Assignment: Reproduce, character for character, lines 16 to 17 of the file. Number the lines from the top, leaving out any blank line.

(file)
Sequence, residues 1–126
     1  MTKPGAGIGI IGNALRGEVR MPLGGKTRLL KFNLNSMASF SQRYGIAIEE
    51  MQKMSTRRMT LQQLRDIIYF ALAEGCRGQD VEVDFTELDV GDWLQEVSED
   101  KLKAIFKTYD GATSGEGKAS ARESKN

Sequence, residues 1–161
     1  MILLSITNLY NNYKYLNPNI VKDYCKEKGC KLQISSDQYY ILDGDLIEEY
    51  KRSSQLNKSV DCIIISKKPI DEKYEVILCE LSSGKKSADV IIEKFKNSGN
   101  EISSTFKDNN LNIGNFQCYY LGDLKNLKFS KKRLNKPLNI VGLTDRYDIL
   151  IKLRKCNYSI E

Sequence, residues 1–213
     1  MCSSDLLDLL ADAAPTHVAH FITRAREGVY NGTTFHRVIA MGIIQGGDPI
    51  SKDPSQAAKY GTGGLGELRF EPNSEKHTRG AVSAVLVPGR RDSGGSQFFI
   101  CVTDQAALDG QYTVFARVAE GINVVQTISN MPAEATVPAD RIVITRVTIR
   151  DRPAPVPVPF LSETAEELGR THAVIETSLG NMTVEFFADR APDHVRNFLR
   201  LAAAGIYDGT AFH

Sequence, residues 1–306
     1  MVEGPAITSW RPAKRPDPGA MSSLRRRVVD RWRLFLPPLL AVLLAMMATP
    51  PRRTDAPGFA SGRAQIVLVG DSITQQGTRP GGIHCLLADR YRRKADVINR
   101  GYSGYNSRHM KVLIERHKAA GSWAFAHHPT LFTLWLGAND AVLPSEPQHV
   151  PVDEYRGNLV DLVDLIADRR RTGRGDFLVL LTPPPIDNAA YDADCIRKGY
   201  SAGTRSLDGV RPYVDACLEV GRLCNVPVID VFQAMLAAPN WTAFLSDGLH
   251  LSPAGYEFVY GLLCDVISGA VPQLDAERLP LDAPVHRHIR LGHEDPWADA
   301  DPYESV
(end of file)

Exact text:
Sequence, residues 1–306
     1  MVEGPAITSW RPAKRPDPGA MSSLRRRVVD RWRLFLPPLL AVLLAMMATP